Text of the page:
Using the right chicken stock makes an enormous difference.
That first Taste wild-rice soup recipe — which hailed from the Orion Room, a swank restaurant on the 50th floor of the IDS Tower in downtown Minneapolis — called for preparing a stock using duck bones, a smoked ham bone, liquid Maggi seasoning (a flavor-boosting, sodium-rich condiment) and almonds.
Here's an easier way, also from the Taste archives. It starts with one of those convenient and affordable supermarket roast chickens. The end of one, anyway. In a 2008 story, chef Scott Pampuch — at the time, he was chef/owner of Corner Table in south Minneapolis — offered a quick, helpful tutorial on converting a picked-over roast chicken into liquid gold.
Here's how: Using a heavy cleaver, chop up the carcass ("You're trying to extract gelatin from the bones, and the more surface you create, the faster the process," said Pampuch) and place the bones — along with any remaining skin and meat — in the bottom of a Dutch oven or large pot over low heat.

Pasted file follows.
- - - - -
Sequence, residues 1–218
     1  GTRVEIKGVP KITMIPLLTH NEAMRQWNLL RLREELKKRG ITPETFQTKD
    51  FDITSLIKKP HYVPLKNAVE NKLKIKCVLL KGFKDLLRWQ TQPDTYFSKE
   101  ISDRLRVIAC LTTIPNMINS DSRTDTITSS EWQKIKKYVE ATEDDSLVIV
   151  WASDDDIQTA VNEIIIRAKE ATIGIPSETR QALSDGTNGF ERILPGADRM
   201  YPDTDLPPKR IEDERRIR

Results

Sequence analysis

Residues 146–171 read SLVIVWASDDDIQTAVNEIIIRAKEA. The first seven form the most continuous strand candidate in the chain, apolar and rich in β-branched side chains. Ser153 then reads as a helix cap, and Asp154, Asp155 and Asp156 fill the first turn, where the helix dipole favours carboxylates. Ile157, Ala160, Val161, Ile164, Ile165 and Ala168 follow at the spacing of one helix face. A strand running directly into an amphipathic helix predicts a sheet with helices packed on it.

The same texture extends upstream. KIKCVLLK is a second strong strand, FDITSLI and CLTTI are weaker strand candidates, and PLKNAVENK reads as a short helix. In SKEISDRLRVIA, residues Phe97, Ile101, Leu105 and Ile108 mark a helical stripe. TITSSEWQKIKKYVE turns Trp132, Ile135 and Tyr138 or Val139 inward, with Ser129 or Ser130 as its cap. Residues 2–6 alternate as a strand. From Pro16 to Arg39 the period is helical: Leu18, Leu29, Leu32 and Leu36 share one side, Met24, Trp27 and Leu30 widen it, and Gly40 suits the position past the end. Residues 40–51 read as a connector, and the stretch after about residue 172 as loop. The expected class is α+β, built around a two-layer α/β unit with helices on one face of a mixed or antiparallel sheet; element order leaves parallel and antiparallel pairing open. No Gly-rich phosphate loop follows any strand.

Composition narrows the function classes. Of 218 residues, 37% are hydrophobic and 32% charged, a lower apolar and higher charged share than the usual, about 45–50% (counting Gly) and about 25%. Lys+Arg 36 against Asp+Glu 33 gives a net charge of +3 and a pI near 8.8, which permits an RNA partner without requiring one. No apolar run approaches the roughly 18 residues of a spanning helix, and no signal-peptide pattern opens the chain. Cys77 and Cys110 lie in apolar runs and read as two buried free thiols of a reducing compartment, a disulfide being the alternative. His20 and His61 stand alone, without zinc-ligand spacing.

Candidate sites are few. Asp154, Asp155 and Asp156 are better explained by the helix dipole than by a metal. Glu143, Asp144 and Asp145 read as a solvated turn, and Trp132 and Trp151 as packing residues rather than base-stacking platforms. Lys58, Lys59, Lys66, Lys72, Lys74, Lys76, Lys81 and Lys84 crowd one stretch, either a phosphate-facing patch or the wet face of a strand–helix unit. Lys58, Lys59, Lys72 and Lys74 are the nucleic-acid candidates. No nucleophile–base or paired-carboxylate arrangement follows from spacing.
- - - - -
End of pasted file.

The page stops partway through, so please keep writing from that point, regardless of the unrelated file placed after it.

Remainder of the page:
Roughly chop an onion, two carrots and three celery ribs, and add them to the simmering chicken bones, along with a few black peppercorns and a bay leaf. Stir to coat the vegetables with chicken fat. Add enough cold water to cover the bones, then increase the heat to high. When the water reaches a boil, return heat to low and gently simmer, uncovered, for at least two hours and up to eight hours (remember, the longer the stock simmers, the deeper the flavor), adding additional water if it's cooked a long time.
Remove from the heat, bring the stock to room temperature and, using a slotted spoon, remove (and discard) as many bones and vegetables as possible. Cover the stock and refrigerate for at least 2 hours. Skim off congealed fat, then bring the stock to room temperature and pour it through a strainer. When it's stored in a tightly sealed container, the stock will keep for five to seven days in the refrigerator and three months in the freezer; always reboil stock before using.